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How China Is Related to Global Higher Inflation

by Carl Steward
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China Oil-Demand FearsHow China is Related to Global Higher Inflation

According to the Peterson Institute for International Economics, Russia is to blame for the food security crisis and high energy prices due to the war with Ukraine. However, China has also taken action in three areas that boost inflation worldwide.

“The war in Ukraine has caused huge injury to the region,” PIIE analysts explained. They said this also contributed to the global food crisis. Russia is burdening the export of crucial fertilizers that farmers need somewhere. In addition, Ukraine’s role as a bread basket in Africa and the Middle East has been destroyed. However, there is another underestimated risk to global food security.

In particular, analysts singled out the restrictions and tariffs imposed by China on two primary commodities – pork and fertilizer. China’s borders extend beyond food. The Asian giant, one of the largest steel producers globally, has also imposed restrictions on the material.

All of these steps have led to higher prices elsewhere. The problem with China is that the country continues to operate as a small country. His policies often have the desired effect at home. For example, it reduces import costs for industry or one group of Chinese farmers or increases pay for another. However, they can also be begging neighbours. China chooses a policy that solves the domestic problem bypassing its costs to other people.

China and Inflation

Fertilizer prices in China and worldwide began to rise last year due to strong demand and high energy prices. However, it has grown even more since the Russia-Ukraine war. Last July, authorities ordered large Chinese firms to suspend fertilizer exports to ensure the domestic supply of chemical fertilizers. When prices continued to rise, the government began additional export control by October. The curbs lasted all year and will last until the end of the summer at least.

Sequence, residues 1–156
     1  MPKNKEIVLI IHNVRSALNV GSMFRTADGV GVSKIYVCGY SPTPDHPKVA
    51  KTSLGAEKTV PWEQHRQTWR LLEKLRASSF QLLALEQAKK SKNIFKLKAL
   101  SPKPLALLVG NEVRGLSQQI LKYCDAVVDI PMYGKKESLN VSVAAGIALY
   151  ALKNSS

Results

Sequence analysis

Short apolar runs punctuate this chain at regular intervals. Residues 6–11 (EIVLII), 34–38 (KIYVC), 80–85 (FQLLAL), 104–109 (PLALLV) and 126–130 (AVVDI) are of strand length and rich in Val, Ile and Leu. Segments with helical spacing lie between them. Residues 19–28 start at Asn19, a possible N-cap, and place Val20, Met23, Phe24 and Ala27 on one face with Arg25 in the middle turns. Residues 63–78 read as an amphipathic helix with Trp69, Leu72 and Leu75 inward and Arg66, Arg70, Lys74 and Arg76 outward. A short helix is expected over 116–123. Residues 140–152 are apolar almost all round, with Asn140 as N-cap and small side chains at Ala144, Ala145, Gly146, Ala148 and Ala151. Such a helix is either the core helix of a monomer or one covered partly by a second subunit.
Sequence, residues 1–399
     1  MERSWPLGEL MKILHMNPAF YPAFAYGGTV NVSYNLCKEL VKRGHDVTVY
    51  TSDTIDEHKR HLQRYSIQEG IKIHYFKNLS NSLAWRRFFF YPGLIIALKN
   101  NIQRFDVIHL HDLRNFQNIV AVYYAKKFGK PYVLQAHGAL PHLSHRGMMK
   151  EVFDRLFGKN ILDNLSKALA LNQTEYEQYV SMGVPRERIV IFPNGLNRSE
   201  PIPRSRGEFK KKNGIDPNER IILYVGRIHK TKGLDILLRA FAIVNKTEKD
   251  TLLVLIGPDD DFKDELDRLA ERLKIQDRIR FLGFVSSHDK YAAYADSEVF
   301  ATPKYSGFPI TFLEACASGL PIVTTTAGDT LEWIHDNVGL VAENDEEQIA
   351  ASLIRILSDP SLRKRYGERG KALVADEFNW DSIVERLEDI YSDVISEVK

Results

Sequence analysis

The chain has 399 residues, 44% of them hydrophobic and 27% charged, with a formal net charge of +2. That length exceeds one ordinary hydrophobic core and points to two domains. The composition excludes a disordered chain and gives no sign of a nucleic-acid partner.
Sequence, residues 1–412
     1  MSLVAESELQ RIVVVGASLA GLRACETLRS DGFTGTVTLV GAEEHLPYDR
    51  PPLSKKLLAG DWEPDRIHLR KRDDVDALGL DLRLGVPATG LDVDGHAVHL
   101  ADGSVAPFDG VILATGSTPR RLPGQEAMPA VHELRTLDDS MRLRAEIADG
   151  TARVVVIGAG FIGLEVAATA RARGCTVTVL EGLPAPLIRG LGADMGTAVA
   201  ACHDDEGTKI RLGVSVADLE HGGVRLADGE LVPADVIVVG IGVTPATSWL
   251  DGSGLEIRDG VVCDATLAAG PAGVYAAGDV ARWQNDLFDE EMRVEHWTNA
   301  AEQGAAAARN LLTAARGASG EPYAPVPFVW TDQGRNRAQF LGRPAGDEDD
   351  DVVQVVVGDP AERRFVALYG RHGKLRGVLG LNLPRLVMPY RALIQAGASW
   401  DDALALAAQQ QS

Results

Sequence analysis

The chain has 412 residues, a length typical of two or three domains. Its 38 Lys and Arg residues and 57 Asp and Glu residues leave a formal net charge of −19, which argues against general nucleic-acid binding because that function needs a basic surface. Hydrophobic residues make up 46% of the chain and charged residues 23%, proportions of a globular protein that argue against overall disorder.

Analysts say this combination of non-tariff barriers has led to a sharp decline in Chinese fertilizer exports. Chinese fertilizer prices have fallen and have even started to fall since then. This was in stark contrast to the situation in the world, where fertilizer prices continued to rise; moreover, it was twice as much as the previous year. China’s share of global fertilizer exports was 24% for phosphates, 2% for potassium, and 13% for nitrogen before the restrictions.

PIIE analysts said the Asian giant’s decision to supply fertilizers to world markets only pushes the problem to others. When there is less fertilizer, less food grows, which already threatens global food. Russia and Ukraine are significant exporters of crops such as barley, corn, wheat, and sunflower oil. Experts say that China needs to do more – no less – to tackle a potential humanitarian challenge at such a critical juncture, which may arise in many poor, fertilizer and feed importing countries.

Prices and Expectations

Steel prices in China and worldwide have accelerated in the last two years. The country has announced it will reduce domestic steel production to achieve decarbonization goals. The government lifted a ban on steel scrap imports to boost domestic prices last year. They also equipped some rounds of export limits. Also, increase export taxes on five steel products.

For March this year, Chinese steel prices were 5% lower than before the limit. However, as in the case of fertilizer, this reduction occurred at the expense of the rest of the world, where prices outside China remain higher.

Globally, the story of high pork prices started in 2018 When China produced half the world’s pork supply; It Saw that the pig population was affected by the significant outbreak of the African swine fever. This forced the country to destroy 40% of its herd. This then led to the price of pork doubling by 2019. World prices also followed this and increased by 25%. China imported more pigs and cut supplies to markets. The country has eased home price pressures since 2019, using imports, before recently closing them. Analysts estimate that this policy has affected the rest of the world.


Beijing has also reduced tariffs on pork imports by 2020. This is likely to have led consumers elsewhere to a higher price loss due to reduced supply. However, the country grew these tariffs again the current year as the issue of swine fever was relieved. Experts estimate that potential unintended benefits will be gained if China’s tariffs suddenly release world supplies in the current environment of high global meat prices. It will also help ease the pressure on pork prices outside of China.

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